Willow Slue range is same way but super anal about picking up even your own brass.

Things are changing and not for the better
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Old September 26, 2018, 03:55 PM   #60
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Quote:
Just a thought; is a State agency, the Dept of Natural Resources, really going to get into brass recycling? If a government agency tries to sell brass either for scrap or reloading, it will cost the taxpayers twice as much as what money is gained (expensive civil service)....

Of course they do.

I just posted a few entries back that the federal government sells millions of pounds of brass scavenged from various government owned ranges. I posted a link to an address that hosts GSA auctions, there are probably hundreds of other locations at state capitols or other centers that sell it.

I also pointed out that my range has collection buckets, that they collect it in oil drums. Every state run range will have those collection points and the weekly crew will sweep up what they can. When there are a couple drums stored in the sheds, a crew will load the barrels to a truck and deliver $1,000 or so of either salvage metal or brass for sale to processors. The proceeds will probably go into a general fund or into an earmarked fund.

This is how it works. There isn't a huge amount of money being made by it, not enough to meet payroll, but the it has to be done anyway. It's what government does.

Check the links.

https://gsaauctions.gov/gsaauctions/...51QSCI18539009

https://gsaauctions.gov/gsaauctions/...41QSCI18505003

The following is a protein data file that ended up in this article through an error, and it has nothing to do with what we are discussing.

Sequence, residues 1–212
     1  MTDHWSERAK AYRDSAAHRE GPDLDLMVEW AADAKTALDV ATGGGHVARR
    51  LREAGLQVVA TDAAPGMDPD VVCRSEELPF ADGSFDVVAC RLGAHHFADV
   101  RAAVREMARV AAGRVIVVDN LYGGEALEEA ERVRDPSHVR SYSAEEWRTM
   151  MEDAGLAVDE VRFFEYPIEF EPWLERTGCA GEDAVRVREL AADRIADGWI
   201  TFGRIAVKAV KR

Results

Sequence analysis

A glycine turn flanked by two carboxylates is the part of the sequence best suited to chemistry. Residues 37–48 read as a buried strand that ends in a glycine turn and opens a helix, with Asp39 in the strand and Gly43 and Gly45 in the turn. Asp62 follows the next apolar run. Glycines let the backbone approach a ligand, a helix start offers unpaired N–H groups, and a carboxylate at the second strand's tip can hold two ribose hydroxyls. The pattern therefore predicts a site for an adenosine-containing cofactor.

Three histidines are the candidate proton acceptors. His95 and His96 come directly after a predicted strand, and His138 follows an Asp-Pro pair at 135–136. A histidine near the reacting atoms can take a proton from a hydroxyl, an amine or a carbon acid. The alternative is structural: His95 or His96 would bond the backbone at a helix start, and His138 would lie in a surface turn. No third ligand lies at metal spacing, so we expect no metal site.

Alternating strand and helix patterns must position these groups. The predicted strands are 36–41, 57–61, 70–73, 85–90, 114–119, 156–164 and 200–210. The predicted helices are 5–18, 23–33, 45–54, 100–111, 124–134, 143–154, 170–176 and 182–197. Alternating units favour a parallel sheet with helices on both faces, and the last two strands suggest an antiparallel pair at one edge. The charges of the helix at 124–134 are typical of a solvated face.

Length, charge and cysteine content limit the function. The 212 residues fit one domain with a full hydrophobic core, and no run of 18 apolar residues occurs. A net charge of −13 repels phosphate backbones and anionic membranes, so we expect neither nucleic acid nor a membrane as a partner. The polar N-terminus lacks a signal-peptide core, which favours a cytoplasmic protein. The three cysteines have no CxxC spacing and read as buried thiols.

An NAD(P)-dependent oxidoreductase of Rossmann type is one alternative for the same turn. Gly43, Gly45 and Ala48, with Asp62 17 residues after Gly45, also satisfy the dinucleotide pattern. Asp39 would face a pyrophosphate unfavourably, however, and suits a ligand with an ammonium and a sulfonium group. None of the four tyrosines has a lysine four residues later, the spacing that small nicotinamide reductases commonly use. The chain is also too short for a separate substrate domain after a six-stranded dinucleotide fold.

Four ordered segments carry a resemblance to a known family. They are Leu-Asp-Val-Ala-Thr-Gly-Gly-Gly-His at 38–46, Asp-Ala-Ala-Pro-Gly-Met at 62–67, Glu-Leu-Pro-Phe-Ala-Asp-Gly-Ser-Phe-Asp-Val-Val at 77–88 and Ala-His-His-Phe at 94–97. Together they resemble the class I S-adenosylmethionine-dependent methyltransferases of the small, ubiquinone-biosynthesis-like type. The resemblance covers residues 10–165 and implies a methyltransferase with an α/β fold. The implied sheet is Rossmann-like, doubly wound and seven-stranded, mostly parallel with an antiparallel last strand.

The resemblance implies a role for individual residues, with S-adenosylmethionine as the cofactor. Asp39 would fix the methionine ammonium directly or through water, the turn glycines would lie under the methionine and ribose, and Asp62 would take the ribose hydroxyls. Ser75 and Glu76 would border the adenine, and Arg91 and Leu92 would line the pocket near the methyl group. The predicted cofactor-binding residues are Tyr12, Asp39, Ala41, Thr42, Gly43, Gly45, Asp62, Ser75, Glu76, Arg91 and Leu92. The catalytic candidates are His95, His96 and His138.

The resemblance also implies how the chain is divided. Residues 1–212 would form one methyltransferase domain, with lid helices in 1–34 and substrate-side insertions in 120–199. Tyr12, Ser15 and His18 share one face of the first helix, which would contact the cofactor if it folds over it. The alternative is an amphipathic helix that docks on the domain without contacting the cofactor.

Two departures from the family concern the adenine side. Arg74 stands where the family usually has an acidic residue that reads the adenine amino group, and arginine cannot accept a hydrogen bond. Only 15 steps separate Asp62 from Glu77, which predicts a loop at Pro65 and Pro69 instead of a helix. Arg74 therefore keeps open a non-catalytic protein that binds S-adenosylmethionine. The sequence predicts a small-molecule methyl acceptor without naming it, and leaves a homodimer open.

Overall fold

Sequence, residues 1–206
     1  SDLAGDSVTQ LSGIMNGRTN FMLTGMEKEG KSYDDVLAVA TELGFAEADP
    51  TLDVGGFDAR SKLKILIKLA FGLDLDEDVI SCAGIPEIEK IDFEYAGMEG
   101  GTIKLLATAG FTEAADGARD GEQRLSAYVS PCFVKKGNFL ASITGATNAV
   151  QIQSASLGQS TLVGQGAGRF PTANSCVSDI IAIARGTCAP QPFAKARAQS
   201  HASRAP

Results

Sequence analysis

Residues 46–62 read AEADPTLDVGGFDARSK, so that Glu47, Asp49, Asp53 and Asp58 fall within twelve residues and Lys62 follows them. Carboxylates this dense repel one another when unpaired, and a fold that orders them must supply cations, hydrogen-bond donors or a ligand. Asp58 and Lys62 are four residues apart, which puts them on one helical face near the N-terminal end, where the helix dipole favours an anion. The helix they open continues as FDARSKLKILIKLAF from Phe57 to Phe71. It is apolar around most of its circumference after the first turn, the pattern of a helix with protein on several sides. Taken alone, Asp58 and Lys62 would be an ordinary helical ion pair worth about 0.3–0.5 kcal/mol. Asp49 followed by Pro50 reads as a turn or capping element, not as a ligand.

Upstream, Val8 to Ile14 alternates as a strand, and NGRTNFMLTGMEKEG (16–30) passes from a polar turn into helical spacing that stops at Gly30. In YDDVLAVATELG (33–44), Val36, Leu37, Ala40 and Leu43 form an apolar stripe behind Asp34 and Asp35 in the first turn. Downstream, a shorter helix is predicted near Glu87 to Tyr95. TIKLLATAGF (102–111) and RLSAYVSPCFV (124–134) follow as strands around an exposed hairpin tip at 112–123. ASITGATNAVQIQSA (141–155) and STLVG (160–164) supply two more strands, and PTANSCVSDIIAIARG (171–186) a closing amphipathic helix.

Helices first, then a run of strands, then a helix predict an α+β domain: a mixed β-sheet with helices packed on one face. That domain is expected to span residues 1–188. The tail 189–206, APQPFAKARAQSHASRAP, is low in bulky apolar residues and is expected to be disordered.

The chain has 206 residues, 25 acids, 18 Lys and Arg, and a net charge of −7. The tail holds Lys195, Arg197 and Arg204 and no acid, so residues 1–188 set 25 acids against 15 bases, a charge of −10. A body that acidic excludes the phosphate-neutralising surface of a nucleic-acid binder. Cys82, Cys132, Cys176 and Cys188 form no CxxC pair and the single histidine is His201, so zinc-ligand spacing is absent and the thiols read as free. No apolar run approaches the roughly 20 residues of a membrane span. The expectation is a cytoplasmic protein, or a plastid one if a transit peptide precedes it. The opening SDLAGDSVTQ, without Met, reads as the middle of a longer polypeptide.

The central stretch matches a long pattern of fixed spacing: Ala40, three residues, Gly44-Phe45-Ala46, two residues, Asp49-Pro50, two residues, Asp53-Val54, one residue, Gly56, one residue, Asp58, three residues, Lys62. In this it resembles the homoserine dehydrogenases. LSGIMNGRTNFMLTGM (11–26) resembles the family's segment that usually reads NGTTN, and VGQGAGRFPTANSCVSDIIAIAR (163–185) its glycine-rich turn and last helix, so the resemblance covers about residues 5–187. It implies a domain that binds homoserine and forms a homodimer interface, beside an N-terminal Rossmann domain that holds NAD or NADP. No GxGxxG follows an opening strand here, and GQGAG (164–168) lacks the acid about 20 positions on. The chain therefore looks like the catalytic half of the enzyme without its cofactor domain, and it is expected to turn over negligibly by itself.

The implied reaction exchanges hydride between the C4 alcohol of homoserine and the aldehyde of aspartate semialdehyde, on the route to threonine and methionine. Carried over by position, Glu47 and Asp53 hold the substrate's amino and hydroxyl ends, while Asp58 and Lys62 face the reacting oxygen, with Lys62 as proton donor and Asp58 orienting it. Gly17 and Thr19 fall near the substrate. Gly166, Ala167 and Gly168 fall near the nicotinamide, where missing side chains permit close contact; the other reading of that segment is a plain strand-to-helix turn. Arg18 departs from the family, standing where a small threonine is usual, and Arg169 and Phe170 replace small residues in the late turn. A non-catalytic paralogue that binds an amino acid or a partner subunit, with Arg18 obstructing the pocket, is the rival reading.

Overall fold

(scrap steel for salvage)
Quote:
Condition is used, parts, are missing and repairs may be required.
They sold a pallet of discharged, non rechargeable batteries once. A broken toilet. A crashed private plane. a gutted blackhawk carcass.

A government agency is not allowed to discard certain things, at certain places, for certain reasons. My wife's office is being renovated; every desk, every cubicle, cabinet, piece of equipment goes right back on the truck that brought the new things in. Then, the men and women at the state prison either refurbish it or sell it at auction so someone else can salvage it.
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Old September 26, 2018, 06:55 PM   #61
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If it’s not your land, you don’t get to make the rules. If you are on someone else’s playground and want to come back to play, follow their rules.

If it bothers you the solution is simple, just find somewhere else to play.
Oh how I wish that were true . There have been hundreds maybe thousands of things that have been found unconstitutional that people have tried using that same reasoning with . I would have never thought anyone on this board would be OK with suspending the 4th amendment . It does not matter where you are at . Your property is just that , yours . I'll ask the question again . What else of yours should it happen to fall to the ground are you ok with the state or owner of the property keeping and selling for there profit or for what ever other reason they claim is reasonable ? If nothing else , then why is a persons brass acceptable for them to keep ?